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Details of Grant 

EPSRC Reference: EP/C545826/1
Title: A Novel Framework For Predicting, Measuring and Analysing Weld Induced Residual Stresses
Principal Investigator: Truman, Professor CE
Other Investigators:
Researcher Co-Investigators:
Project Partners:
Airbus Operations Limited British Energy Doosan Power Systems (Mitsui Babcock)
Department: Mechanical Engineering
Organisation: University of Bristol
Scheme: Standard Research (Pre-FEC)
Starts: 10 October 2005 Ends: 09 April 2009 Value (£): 424,764
EPSRC Research Topic Classifications:
Materials testing & eng.
EPSRC Industrial Sector Classifications:
Aerospace, Defence and Marine Energy
Related Grants:
Panel History:
Panel DatePanel NameOutcome
13 Apr 2005 Engineering Fellowships Interview Panel 2005 Deferred
Summary on Grant Application Form
The project will provide a methodology for determining residual stresses in welded engineering components without the need for costly numerical modelling. It will also develop accurate measurement techniques to validate these predictions. Residual stresses are self-equilibrating stresses existing in components under uniform temperature conditions and no applied loads. In industrial applications, the principal joining process between metallic components is welding. Welding introduces highly tensile residual stresses near the weld due to molten metal cooling and contracting. This pulls the surrounding material away from its equilibrium position and generates a residual stress field. It is absolutely vital that a knowledge of the magnitude and spatial distribution of these residual stress fields exists as they can combine with applied loads and promote failure of a component or structure at loads the designer would view as safe . Unfortunately, with so many variable and unknown parameters in processes such as welding, it is extremely difficult to quantify their magnitude and spatial distribution.By adopting an analytical approach, i.e. one where for a given set of input parameters an equation predicts the component response, to residual stress modelling, it is possible to systematically study the effect of different input parameters in a way which is not possible with numerical, or Finite Element models. This provides a means to understand differences in the residual stress fields as different sized specimens are studied. This is important as experiments are usually made on laboratory sized specimens and the results scaled to full size industrial applications. This is known to be invalid in many circumstances.Likewise, by utilising an analytical approach, the results of residual stress measurements, which determine the strain or distortion of a component, may be interpreted in such a way as to provide more information about the pre-existing residual stress field. Although possible, in theory, to interpret these results using Finite Element models, it is simply not practical to re-analyse each individual measurement. The provision of an analytical solution will enable measurement specific calculations to be made.The final task of the project will apply the same technique to study the influence of residual stress fields on the subsequent fracture behaviour of components. The motivation is the same as previously, i.e. it is simply not practical at present to re-model each individual problem as part of a Finite Element model. The three tasks will provide an unparalleled and unified approach to weld residual stress modelling and measurement and its implications for structural integrity assessments.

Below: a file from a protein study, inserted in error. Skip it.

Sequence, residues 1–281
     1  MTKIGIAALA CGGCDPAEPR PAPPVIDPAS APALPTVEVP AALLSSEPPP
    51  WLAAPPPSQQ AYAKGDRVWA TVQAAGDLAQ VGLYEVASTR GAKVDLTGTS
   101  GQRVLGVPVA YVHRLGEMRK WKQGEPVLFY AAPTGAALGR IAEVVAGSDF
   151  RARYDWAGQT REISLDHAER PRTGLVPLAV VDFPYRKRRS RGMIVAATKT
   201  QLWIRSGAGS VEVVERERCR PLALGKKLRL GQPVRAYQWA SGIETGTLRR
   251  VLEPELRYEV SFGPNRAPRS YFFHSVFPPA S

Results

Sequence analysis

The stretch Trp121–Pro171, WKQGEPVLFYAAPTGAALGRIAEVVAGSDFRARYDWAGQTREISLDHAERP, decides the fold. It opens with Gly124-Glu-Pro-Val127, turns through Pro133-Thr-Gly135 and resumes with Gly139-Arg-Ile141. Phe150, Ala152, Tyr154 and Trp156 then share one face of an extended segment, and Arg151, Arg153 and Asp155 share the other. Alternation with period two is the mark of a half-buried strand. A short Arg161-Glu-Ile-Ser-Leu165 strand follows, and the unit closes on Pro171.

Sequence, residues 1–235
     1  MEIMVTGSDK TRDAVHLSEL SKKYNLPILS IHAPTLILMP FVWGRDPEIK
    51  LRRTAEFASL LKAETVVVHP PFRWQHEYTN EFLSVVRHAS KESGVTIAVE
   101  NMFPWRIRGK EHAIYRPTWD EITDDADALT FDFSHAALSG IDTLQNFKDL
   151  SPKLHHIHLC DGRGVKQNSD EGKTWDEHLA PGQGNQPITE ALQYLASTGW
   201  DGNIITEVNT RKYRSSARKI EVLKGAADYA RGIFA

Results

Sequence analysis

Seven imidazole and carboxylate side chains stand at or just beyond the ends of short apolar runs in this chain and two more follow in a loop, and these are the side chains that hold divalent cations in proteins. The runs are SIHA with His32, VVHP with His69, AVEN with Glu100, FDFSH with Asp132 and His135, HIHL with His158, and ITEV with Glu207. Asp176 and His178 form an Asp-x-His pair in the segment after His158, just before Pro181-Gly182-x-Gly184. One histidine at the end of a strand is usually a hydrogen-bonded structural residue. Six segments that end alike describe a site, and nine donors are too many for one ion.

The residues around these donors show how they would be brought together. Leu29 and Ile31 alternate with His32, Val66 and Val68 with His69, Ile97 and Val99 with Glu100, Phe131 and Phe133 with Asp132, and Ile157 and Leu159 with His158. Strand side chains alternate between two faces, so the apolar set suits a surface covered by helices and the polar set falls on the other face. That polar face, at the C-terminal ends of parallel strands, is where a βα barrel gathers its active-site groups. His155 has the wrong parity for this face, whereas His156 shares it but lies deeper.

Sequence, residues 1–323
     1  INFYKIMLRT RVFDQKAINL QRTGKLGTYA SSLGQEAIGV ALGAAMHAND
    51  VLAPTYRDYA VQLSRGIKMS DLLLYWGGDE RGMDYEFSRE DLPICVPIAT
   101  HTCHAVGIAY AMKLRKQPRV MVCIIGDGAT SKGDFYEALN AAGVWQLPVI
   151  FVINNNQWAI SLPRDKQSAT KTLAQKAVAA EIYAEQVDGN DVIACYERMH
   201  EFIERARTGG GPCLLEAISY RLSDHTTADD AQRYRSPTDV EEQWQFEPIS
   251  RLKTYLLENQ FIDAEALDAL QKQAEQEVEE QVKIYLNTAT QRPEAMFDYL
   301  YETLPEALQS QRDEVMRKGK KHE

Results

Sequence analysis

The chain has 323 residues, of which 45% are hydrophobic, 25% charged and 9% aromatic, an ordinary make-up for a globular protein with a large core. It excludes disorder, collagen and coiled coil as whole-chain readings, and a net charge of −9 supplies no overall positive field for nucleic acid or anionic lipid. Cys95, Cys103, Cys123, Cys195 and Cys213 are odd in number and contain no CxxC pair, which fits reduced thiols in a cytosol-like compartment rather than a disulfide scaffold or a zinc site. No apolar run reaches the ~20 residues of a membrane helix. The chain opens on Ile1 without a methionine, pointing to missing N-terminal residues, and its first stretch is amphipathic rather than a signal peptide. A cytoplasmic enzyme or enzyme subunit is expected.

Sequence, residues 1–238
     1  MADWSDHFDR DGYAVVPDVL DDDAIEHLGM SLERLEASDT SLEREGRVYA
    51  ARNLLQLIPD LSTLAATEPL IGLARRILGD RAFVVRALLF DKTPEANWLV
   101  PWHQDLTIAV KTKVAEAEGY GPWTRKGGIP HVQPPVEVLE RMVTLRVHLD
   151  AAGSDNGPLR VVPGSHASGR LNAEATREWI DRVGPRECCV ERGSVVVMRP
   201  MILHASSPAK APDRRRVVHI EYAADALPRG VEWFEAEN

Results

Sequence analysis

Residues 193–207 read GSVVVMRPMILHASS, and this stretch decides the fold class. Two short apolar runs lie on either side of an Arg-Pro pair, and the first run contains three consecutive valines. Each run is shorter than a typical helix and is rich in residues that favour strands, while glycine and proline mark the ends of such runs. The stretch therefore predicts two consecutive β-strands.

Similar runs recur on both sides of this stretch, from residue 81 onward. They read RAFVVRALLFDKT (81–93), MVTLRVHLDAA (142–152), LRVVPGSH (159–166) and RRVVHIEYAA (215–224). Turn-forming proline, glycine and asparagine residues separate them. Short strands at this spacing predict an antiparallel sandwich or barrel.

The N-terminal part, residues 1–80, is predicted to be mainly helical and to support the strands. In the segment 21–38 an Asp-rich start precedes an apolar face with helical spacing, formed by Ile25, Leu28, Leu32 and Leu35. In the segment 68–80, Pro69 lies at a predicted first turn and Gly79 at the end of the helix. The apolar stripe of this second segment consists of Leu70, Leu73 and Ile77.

Key Findings
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Organisation Website: http://www.bris.ac.uk